NCAA basketball is the third most-popular sport in America, behind the NFL and pro baseball. The sport’s top championship (known as March Madness) is an annual event that’s rumored to cost the country billions in lost wages as people scramble to build their tournament bracket and watch as their picks fall one by one. Its big business, and betting on the sport is a season-long event, not just something for your office pool to participate in every spring.
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If you’re a fan of NCAA basketball, you’re almost ready to start placing bets. The information below can turn even the most casual fan into a successful NCAA basketball bettor.
Let’s start with a look at the most common ways to bet on college basketball games:
The Point Spread
Most college basketball bets are made on the point spread – these bets are sometimes known as “sides.”
The point spread is really just a symbolic way to represent odds. With a point spread in place the sportsbook can handicap a game to entice bettors to put action on both sides, ensuring their profits. That handicapping means both that successful bets on favorites earn smaller payouts and that the favorite has to win by a certain number of points.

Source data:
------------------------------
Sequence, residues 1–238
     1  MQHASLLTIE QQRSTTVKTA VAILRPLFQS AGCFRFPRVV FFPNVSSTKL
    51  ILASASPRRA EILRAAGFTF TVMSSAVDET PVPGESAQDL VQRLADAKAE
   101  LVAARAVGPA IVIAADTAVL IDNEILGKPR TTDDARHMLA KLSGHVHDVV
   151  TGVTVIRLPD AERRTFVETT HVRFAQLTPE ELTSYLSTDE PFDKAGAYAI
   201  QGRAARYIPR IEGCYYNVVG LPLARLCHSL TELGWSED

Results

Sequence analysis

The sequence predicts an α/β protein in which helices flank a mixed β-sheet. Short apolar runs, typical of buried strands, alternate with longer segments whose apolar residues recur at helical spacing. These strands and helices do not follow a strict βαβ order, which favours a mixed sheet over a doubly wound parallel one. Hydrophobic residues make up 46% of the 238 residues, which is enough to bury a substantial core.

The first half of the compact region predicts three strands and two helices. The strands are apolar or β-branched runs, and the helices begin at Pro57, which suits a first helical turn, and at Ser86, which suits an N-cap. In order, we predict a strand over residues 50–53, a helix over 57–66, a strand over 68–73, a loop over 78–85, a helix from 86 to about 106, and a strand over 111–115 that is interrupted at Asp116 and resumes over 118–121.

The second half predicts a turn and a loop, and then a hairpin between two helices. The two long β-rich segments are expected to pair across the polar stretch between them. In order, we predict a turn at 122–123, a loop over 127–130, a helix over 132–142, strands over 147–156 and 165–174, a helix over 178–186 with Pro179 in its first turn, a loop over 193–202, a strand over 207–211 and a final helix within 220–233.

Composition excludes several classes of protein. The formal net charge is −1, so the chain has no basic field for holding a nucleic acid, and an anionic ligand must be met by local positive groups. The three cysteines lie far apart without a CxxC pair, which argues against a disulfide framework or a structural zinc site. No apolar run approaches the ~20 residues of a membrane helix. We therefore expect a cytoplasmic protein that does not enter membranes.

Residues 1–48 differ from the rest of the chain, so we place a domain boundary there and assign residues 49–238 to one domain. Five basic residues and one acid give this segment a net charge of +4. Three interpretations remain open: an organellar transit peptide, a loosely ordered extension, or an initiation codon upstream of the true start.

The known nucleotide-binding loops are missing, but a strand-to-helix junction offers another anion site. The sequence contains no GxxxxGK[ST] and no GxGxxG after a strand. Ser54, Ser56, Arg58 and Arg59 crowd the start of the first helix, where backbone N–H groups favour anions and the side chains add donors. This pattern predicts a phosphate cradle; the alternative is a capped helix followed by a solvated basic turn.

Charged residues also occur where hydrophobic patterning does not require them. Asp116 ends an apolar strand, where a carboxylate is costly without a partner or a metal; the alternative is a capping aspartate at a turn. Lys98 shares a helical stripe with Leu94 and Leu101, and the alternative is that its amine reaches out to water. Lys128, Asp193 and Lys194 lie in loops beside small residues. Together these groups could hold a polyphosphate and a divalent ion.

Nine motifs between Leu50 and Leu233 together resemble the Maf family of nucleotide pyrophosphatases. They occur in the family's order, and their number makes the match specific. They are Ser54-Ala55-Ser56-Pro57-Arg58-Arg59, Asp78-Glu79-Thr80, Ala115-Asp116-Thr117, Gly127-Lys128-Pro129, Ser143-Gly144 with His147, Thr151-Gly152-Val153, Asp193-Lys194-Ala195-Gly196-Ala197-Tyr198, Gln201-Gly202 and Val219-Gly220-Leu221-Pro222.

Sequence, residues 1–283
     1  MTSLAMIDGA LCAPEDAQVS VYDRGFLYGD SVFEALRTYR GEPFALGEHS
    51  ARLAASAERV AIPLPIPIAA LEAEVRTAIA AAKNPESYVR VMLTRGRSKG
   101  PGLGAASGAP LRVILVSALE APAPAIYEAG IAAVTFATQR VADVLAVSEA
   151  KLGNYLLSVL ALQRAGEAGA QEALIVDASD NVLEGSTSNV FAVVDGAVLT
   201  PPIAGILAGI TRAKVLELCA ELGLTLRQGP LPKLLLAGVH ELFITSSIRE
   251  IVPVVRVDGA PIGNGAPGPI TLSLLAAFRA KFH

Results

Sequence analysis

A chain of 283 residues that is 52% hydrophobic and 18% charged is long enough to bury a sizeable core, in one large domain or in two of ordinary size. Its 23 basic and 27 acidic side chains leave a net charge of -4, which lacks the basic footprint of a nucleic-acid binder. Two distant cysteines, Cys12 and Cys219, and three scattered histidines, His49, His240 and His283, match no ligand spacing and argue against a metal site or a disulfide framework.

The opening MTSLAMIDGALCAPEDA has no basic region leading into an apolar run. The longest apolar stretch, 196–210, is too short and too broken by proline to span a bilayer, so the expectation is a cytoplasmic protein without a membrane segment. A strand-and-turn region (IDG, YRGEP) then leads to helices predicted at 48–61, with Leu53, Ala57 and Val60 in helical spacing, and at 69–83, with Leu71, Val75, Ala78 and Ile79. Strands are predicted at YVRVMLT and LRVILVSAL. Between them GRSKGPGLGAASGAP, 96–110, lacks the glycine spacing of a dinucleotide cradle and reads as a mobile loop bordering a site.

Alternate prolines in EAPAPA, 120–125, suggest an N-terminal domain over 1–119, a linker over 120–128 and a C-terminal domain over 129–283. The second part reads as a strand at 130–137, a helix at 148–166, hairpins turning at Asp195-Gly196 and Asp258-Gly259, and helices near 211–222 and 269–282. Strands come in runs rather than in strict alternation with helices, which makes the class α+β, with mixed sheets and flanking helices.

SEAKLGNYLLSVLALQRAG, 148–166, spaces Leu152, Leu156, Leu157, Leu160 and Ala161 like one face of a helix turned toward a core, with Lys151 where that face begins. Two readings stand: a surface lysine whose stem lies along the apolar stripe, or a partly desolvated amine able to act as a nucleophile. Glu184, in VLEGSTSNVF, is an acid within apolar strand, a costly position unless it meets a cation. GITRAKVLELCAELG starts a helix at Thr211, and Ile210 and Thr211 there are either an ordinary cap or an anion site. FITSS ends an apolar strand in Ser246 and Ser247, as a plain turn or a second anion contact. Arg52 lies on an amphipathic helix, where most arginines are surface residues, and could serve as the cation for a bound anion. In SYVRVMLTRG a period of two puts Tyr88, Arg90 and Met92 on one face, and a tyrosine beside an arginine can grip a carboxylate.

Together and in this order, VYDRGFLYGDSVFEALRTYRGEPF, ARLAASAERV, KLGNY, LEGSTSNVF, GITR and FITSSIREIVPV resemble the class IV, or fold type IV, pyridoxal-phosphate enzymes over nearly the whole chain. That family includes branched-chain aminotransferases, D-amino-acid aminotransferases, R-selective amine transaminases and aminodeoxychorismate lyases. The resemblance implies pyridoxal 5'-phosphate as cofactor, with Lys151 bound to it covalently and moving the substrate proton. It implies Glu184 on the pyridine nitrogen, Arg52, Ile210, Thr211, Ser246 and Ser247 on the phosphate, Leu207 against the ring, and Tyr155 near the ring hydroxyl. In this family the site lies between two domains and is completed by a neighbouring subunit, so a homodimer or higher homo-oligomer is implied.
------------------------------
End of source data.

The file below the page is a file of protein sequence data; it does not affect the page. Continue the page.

Here’s an example of a point spread as it would be represented at a sportsbook:
That’s easy enough to read, right? The first team listed is always the away team. Now you know that the Blue Devils are heading to Chapel Hill for this game. The next thing to look for is a + or – symbol. A team listed with a + symbol next to its name is an underdog; a team listed with a – symbol is a favorite. The number listed next to that symbol is the point spread itself. In this example, Duke is a 2.5 point underdog to the Tar Heels.
In the above example, a successful bet on underdog Duke requires that the Blue Devils either win in an upset or lose by two or fewer points. North Carolina has to win outright by three points or more in order for a wager on the Tar Heels to pay off.
Moneylines are less popular than point spreads bets among college basketball bettors, but I think they offer a lot of value over traditional sides wagering.
Moneyline wagers only ask that you pick an outright winner. The favored team isn’t handicapped at all, and the underdog doesn’t have any help – pick the winner and your bet pays off. In place of a point spread, the sportsbook manages its risk in both direction by establishing certain financial requirement as part of the bet’s terms.
If that’s confusing, just look at this example:
North Carolina -130
Just like in the point spread, the + indicates an underdog and the – indicates a favorite. But unlike in the point spread, these symbols also tell you the terms of the bet, and it’s different for the ‘dog and the favorite.
The favored team’s number tells you how much you have to wager in order to win $100, if the bet is successful. In our example above, bettors who back the Tar Heels will win $100 for every $130 they wager. Underdogs are indicated with a plus symbol and the number next to their name indicates how much a better would win for a wager of $100. In this case, if you back Duke and they pull off the upset, you’ll take home $120 for every $100 you wagered.
Game Totals (Over/Under)